Author ORCID Identifier

Tsai -

Document Type

Conference Proceeding

Publication Date


Publication Title

L@S '22: Proceedings of the Ninth ACM Conference on Learning @ Scale


June 2022

First Page


Last Page



Starting from the spring of 2020, higher institutions in the US underwent a rapid shift from in-person classes to emergency remote education, in response to the COVID-19 outbreak. Under this circumstance, a variety of video conferencing tools (e.g., Zoom) have been adopted for distance education, which pose a set of new challenges arising from synchronous online classes. Among these, one significant issue was students' unwillingness to open cameras, resulting in a lack of non-verbal cues that instructors could rely on to gauge students' understanding and adjust their teachings. Towards addressing this issue, our qualitative study aims at investigating the rationales behind students' camera avoidance. Through a series of semi-structured interviews on undergraduate students in the U.S, we identified prominent factors -- namely the class size, lecture style, level of interactivity and privacy concerns -- that influenced students' motivation for opening their cameras. At the same time, we uncovered several difficulties, such as heightened self-awareness, feeling of minority and academic perspective, that discouraged students from opening camera, with more substantial impacts on international students. We conclude with actionable insights into the design of online classes, video-conferencing platforms and camera technology that can promote camera usage, thereby contributing to scalable and inclusive interventions for facilitating the transition into remote education.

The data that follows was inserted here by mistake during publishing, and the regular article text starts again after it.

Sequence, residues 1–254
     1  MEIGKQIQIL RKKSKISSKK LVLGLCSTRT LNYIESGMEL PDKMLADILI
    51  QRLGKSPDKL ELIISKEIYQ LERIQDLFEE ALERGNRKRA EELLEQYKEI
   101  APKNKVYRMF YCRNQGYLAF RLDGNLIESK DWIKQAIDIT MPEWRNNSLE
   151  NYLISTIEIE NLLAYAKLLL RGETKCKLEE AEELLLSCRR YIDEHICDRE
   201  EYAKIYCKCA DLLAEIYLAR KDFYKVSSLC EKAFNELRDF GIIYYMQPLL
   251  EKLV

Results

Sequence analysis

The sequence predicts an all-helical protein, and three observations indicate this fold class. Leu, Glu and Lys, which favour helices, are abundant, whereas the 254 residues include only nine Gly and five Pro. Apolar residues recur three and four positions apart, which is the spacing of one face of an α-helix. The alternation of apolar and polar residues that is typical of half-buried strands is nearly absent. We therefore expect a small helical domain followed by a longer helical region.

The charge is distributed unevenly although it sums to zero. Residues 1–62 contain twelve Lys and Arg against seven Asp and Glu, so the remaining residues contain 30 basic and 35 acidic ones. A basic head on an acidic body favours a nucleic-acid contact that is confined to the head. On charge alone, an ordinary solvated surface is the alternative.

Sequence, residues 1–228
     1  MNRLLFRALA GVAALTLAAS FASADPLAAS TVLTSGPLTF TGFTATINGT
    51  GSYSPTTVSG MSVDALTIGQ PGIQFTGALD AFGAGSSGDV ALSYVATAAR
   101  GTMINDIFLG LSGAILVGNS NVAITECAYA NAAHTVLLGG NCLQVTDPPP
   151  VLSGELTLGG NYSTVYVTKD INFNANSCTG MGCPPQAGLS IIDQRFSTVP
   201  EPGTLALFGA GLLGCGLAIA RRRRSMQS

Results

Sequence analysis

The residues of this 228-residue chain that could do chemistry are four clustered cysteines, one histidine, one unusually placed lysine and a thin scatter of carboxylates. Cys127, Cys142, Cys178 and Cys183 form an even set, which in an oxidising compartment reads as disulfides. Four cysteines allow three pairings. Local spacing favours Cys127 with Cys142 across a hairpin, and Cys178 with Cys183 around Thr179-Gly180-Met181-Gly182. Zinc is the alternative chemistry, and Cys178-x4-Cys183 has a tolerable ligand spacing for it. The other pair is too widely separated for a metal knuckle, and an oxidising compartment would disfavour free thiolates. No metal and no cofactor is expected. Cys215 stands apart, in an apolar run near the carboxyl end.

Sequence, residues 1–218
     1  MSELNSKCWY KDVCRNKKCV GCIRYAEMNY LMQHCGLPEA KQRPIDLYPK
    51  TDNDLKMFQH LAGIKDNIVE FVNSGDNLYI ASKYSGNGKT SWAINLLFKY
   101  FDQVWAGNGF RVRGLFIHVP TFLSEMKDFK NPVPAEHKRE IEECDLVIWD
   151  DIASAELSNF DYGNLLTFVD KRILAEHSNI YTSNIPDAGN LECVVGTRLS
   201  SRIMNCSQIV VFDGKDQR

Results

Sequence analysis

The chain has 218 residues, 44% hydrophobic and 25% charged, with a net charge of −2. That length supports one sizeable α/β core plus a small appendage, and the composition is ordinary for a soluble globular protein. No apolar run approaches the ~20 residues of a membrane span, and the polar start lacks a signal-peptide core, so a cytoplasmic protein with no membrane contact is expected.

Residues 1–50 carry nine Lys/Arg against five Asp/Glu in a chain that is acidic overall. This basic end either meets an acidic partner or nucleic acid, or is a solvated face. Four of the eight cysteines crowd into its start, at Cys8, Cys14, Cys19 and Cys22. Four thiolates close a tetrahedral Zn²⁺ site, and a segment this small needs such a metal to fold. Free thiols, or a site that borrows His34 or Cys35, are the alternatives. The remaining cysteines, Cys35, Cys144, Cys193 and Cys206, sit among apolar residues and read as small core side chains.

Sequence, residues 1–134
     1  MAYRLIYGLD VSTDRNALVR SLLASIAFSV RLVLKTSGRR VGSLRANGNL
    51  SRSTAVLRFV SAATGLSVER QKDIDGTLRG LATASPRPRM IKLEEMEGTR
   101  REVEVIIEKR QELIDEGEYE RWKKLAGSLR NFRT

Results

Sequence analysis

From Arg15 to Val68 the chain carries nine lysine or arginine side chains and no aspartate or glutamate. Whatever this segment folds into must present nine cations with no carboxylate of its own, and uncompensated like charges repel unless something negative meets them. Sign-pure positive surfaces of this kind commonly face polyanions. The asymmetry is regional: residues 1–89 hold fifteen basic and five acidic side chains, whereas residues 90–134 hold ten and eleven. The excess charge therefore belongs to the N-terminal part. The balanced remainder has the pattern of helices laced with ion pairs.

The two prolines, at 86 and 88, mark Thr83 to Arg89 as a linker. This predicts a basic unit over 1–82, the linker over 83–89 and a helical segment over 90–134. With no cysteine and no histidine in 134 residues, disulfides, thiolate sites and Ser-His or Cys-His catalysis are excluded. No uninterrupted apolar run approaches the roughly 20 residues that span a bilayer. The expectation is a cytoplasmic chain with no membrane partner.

© {Authors | ACM} {2022}. This is the author's version of the work. It is posted here for your personal use. Not for redistribution. The definitive Version of Record was published in {L@S '22: Proceedings of the Ninth ACM Conference on Learning @ Scale},